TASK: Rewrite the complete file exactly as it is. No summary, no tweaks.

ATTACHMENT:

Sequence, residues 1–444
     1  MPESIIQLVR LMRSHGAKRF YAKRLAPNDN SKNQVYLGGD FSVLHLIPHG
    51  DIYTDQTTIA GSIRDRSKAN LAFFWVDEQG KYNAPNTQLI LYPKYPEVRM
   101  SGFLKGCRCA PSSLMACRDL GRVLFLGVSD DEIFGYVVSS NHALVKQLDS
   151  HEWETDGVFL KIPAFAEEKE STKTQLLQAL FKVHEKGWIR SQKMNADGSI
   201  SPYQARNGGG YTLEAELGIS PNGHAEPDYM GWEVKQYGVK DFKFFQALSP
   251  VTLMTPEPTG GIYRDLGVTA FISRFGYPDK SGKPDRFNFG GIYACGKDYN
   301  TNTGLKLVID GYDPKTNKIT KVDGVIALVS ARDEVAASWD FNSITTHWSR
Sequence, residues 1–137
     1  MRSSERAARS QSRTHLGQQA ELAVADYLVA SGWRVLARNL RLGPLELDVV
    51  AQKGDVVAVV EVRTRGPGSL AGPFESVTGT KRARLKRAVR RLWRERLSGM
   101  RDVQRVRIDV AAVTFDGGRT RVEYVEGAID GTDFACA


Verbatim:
Sequence, residues 1–444
     1  MPESIIQLVR LMRSHGAKRF YAKRLAPNDN SKNQVYLGGD FSVLHLIPHG
    51  DIYTDQTTIA GSIRDRSKAN LAFFWVDEQG KYNAPNTQLI LYPKYPEVRM
   101  SGFLKGCRCA PSSLMACRDL GRVLFLGVSD DEIFGYVVSS NHALVKQLDS
   151  HEWETDGVFL KIPAFAEEKE STKTQLLQAL FKVHEKGWIR SQKMNADGSI
   201  SPYQARNGGG YTLEAELGIS PNGHAEPDYM GWEVKQYGVK DFKFFQALSP
   251  VTLMTPEPTG GIYRDLGVTA FISRFGYPDK SGKPDRFNFG GIYACGKDYN
   301  TNTGLKLVID GYDPKTNKIT KVDGVIALVS ARDEVAASWD FNSITTHWSR
Sequence, residues 1–137
     1  MRSSERAARS QSRTHLGQQA ELAVADYLVA SGWRVLARNL RLGPLELDVV
    51  AQKGDVVAVV EVRTRGPGSL AGPFESVTGT KRARLKRAVR RLWRERLSGM
   101  RDVQRVRIDV AAVTFDGGRT RVEYVEGAID GTDFACA